Interestingly, in the past few years, Asaduddin Owaisi has made consistent reference to Seemanchal in the parliament and has also introduced a private member bill for special status to the region.
Aadil Hasan Aazad, the youth president of the party’s Bihar wing believes that this victory in Kishanganj is people’s rejection of being taken for granted by called secular outfits on one hand and BJPs communalism on the other.
“Seemanchal is the most backward region of the country, it lags much behind with other areas in terms of all development and poverty indicators. It is prone to flood every year, which leads to large scale disasters in the region. Ironically, the government of Bihar and India cites Seemanchal’s deplorable condition to get funds from many international aid agencies and yet spend nothing for the welfare of people here. A branch of Aligarh Muslim University that was set up here remains ignored. And yet you expect people to vote in favor of Congress and BJP here. The harsh truth is that both the political outfits have ignored this region completely and left it in an era of darkness. Congress believes that Muslims/Sc/St have no other choice other than voting for them while for BJP these communities are untouchables as they do not form a part of their voter base,” says Aadil.
This discourse that secular outfits have taken Muslims for granted, paints Owaisi’s model of politics as self-representation by some Muslims. Adnan Farooqui and Rochana Bajpai in an academic paper, titled, Non-extremist Outbidding: Muslim Leadership in Majoritarian India, the duo wrote, “Owaisi’s exhortations … has an anti-paternalist thrust similar to arguments associated with the emergence of lower caste political parties in the 1980s-1990s.”
Ovais Sultan Khan , a human rights activist, believes that increasing invisibility of Muslims from public life, almost deserted by so-called secular parties, Muslims have been compelled to move towards AIMIM.
“Post 2014, we have seen an interesting phenomenon, most of the so-called secular outfits have deserted the Muslim community. This phenomenon also extends to the civil society where people do talk about violations of human rights but refrain from using the word Muslim. This has caused a sense of existential crisis among the Muslim community.
Asaduddin Owaisi has not just extensively talked about Muslims but has also given them a democratic framework to talk about community issues, underlining constitutionalism as a principle. In these circumstances, it is natural for Muslims to move towards Owaisi’s party.” Ovais told Tehelka.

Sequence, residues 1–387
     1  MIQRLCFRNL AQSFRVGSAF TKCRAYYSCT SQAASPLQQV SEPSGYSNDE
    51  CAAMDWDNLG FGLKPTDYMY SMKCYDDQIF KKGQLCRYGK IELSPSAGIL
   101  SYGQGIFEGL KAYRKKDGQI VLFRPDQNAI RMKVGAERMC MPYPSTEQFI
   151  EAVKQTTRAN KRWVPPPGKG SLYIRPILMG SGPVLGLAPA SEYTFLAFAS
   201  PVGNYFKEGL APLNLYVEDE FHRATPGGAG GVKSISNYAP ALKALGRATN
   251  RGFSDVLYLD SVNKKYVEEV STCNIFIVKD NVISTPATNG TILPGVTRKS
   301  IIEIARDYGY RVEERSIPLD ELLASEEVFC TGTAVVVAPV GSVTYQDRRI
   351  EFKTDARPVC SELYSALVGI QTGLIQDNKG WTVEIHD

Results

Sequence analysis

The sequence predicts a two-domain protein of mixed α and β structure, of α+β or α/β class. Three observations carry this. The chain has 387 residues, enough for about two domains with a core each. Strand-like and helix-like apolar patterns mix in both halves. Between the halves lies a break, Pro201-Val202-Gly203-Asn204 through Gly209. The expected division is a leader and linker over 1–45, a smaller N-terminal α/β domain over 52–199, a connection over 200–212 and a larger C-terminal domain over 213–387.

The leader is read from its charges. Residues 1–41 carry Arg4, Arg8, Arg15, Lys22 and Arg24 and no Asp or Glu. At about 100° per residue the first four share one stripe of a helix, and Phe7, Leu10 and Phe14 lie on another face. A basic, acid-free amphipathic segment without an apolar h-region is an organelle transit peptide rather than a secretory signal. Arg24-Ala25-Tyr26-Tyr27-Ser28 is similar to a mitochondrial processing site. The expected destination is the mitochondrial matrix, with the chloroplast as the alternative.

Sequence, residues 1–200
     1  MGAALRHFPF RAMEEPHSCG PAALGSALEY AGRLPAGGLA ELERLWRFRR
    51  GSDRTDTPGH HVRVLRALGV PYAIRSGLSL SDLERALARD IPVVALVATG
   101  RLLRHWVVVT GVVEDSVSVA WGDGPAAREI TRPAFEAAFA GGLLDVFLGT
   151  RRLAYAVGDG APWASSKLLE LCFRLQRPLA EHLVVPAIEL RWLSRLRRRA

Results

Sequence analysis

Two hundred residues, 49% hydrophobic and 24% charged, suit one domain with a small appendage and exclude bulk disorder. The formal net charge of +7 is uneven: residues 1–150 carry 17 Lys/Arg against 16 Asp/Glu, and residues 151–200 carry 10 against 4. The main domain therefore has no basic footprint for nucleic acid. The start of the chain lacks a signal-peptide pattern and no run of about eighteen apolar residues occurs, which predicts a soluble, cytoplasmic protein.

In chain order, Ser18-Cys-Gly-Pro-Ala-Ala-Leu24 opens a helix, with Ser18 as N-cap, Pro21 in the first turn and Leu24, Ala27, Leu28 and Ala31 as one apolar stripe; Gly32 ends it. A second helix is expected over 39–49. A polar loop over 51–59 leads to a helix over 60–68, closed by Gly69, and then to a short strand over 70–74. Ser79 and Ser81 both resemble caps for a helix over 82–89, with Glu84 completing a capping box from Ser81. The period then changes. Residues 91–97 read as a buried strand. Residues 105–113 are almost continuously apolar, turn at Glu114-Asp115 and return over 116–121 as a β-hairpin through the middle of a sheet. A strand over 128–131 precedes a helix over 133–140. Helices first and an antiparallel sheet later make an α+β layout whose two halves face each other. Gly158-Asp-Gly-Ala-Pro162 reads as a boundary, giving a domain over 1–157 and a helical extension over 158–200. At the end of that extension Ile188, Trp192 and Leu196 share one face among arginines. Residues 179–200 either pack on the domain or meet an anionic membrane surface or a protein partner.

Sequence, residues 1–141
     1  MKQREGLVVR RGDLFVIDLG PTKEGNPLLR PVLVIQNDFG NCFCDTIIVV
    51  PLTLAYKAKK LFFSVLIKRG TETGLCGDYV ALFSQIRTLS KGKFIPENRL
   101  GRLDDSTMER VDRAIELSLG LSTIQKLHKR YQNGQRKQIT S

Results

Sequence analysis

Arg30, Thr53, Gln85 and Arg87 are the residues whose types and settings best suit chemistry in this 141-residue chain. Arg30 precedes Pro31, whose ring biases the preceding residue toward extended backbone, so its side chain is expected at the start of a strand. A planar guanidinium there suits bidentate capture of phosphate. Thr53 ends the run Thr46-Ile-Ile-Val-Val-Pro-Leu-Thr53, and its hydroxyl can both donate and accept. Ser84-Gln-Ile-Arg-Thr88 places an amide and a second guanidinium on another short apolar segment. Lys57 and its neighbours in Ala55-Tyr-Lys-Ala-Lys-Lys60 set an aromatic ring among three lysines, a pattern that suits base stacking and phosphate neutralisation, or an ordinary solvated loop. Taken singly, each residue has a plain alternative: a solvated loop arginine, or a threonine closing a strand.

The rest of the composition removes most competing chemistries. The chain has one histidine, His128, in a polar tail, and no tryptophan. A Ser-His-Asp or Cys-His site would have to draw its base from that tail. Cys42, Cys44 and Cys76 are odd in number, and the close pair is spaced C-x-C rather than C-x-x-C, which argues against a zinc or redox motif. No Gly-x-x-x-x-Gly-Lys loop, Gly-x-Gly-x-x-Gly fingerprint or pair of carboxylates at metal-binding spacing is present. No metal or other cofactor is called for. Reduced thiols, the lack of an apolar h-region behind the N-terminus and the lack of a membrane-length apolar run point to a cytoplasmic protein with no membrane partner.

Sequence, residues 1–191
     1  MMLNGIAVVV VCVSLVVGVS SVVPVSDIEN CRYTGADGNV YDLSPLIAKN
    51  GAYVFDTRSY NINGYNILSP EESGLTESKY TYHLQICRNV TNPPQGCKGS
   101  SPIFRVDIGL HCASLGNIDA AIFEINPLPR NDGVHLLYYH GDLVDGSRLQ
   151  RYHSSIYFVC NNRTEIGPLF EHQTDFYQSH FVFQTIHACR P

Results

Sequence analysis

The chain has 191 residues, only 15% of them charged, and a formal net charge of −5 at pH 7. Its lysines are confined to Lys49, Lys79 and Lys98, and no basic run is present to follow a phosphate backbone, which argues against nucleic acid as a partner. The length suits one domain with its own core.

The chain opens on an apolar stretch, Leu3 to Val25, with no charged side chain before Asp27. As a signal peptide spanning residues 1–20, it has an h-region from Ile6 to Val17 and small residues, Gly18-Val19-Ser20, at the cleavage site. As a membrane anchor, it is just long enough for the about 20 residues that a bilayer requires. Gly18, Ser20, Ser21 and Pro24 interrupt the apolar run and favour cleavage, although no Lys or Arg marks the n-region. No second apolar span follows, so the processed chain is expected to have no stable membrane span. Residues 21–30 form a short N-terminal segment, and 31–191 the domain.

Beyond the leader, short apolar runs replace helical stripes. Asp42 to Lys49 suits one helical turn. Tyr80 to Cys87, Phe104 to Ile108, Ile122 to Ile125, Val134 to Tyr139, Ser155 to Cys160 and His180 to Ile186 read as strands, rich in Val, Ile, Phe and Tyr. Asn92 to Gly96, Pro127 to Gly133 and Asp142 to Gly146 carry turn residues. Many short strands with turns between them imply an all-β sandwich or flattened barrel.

“It is not just Muslims, but also people from other minorities like Christian and Sikh community who also believe that Owaisi can emerge as their leader against the rising phenomenon of Hindutva in India,” added Ovais.
However, Arshad Alam, former associate professor of Sociology at JNU, based in Delhi believes that the chances of Owaisi’s party expanding its footprint in other parts of North India don’t look like a reality shortly unless it forms a larger social alliance.
“It would be too early to say that AIMIM will expand its base in other parts of north India just because it has been able to win the Kishanganj assembly which is a Muslim majority seat. To expand its base, Owaisi will have to work more towards forming a new social alliance with other marginalised communities. Until that happens, it wouldn’t be wrong to see the outfit’s victory in isolation on a Muslim majority seat,” Arshad explains.
Meanwhile Owaisi, detractors continue to rule this out as a phenomenon that there might me various local reasons for AIMIM’s victory in Kishanganj assembly seat including candidate’s popularity.
“We refuse to believe in this binary that Muslims are going towards Owaisi and that it will have an impact on the prospects of secular outfits like us. RJD has for long been an un compromised outfit on secular causes and anyone who believes in the idea of common existence continues to support us. AIMIMs victory can be attributed to local factors and not an ideological shift in Muslim votes,” said Naval Kishore, Spokesperson of RJD who also teaches at Delhi University.
It will be interesting to see whether AIMIM works gets noticed in other parts of North India with Seemanchal as its base.